Newman offers another helpful analogy for understanding the role of oral tradition in education. He says that “the Houses of Parliament and the atmosphere around them are a sort of University of politics.” “I cannot but think that statesmanship is learned, not by books, but in certain centres of education [such as Parliament].” He explains: “The bearings of measures and events, the action of parties, and the persons of friends and enemies, are brought out to the man who is in the midst of them with a distinctness, which the most diligent perusal of newspapers will fail to impart to them.” In other words, in the world of Parliament you will find certain oral traditions; if you live in the midst of them and imbibe them, you will learn about English politics in a way in which you could have never learned about it from books or audiotapes. The same holds for the study of theology; a good university will be a center of oral traditions that cannot be substituted for by books and tapes.
In the same volume of Newman we find a paper on university life at Athens. “It was what the student gazed on, what he heard, what he caught by the magic of sympathy, not what he read, which was the education furnished by Athens.” Newman then imagines the following encounter of a young student in Athens:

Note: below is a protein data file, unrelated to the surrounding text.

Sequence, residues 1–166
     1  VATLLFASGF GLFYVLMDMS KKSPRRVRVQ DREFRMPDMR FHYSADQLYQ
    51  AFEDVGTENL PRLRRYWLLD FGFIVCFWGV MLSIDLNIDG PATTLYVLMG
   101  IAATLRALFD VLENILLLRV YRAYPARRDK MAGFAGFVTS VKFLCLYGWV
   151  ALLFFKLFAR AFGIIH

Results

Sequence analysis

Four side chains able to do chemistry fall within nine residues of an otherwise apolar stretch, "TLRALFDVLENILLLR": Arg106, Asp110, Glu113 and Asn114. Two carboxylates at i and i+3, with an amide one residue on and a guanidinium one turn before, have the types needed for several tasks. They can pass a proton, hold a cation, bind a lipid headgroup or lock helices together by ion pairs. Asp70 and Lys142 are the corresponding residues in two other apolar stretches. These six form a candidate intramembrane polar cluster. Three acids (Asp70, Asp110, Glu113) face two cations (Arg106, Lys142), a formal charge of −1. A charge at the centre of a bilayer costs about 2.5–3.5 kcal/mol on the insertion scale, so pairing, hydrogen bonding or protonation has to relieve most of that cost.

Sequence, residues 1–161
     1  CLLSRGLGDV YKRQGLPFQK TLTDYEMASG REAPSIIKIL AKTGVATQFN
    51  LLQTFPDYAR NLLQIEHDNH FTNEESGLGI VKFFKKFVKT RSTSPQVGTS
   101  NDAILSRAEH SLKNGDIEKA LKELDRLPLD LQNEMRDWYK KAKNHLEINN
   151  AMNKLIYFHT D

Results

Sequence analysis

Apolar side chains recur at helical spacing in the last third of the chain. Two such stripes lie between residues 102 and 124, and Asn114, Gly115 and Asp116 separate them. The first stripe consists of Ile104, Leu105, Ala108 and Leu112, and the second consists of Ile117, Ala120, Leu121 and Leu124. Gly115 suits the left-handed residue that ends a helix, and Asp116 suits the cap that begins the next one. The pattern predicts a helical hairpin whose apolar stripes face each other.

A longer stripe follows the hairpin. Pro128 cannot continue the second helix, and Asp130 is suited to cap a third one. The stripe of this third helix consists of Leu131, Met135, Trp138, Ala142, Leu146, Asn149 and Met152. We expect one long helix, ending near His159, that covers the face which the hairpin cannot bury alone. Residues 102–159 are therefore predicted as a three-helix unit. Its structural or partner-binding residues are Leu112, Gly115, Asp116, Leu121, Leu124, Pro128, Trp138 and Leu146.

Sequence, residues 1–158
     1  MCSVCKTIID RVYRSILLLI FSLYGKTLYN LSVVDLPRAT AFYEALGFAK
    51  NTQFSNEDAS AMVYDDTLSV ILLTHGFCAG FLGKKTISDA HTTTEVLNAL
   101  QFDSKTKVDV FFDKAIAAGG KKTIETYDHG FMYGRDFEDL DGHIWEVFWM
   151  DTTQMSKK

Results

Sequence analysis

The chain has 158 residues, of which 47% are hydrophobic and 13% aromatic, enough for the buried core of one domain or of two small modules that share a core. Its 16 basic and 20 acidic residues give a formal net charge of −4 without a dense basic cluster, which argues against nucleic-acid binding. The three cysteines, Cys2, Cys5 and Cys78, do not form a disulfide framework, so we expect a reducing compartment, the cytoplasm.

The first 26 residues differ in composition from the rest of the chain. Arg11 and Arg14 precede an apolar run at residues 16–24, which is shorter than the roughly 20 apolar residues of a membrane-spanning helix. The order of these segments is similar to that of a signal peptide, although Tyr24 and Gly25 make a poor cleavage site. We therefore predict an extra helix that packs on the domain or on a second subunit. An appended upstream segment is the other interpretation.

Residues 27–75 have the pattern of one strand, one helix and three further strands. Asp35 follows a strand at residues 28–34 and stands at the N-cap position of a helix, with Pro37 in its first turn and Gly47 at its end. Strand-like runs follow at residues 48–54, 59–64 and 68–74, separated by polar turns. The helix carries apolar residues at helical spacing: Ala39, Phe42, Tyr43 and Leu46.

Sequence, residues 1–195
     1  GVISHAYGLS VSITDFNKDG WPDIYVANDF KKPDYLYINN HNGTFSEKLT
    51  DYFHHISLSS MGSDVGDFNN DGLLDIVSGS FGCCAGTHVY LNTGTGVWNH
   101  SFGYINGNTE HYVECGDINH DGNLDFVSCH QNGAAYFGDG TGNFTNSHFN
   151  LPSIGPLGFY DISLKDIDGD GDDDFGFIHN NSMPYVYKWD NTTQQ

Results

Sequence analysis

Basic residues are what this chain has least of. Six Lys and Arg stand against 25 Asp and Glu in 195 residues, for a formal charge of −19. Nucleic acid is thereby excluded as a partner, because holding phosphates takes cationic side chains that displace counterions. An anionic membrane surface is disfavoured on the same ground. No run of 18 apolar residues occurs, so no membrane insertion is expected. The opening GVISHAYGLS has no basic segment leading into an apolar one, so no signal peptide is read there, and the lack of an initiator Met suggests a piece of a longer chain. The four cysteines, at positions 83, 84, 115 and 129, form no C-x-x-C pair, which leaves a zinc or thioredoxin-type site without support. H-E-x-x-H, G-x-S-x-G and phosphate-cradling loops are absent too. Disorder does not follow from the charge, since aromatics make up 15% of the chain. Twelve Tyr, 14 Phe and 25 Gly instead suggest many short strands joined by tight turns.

His eye is just now arrested by one object; it is the very presence of Plato. He does not hear a word that he says; he does not care to hear; he asks neither for discourse nor disputation; what he sees is a whole, complete in itself, not to be increased by addition, and greater than anything else. It will be a point in the history of his life; a stay for his memory to rest on, a burning thought in his heart, a bond of union with men of like mind, ever afterwards. Such is the spell which the living man exerts on his fellows, for good or for evil.
It is clear that such an encounter, from which Newman says the Athenian student derived an all-important part of his education, can hardly occur when you are connected with your teacher only by audiotapes and email.
I can hear what some of my colleagues and students will want to say to me now: they will say that our resident students never encounter quite so awe-inspiring a presence as Plato must have been, that none of us are Plato’s and none of us can provide our students with such an encounter as Newman imagines. True enough; and yet what Newman says about the “spell which the living man exerts on his fellows” applies to us too. If we love what we teach we too can cast a spell on our students and give them through our presence what they cannot get in any other way. But we will be largely prevented from giving of ourselves like this through the audiotapes on which the proposed DE degrees would be based.
And finally this remarkable statement from Newman: “It is scarcely too much to say that one-half of the education which young people receive is derived from the tradition of the place of education. The genius loci [spirit of the place], if I may so speak, is the instructor most readily admitted and most affectionately remembered.” Can you tape a “spirit of the place” so that anyone hearing the tape partakes of that spirit and its instruction?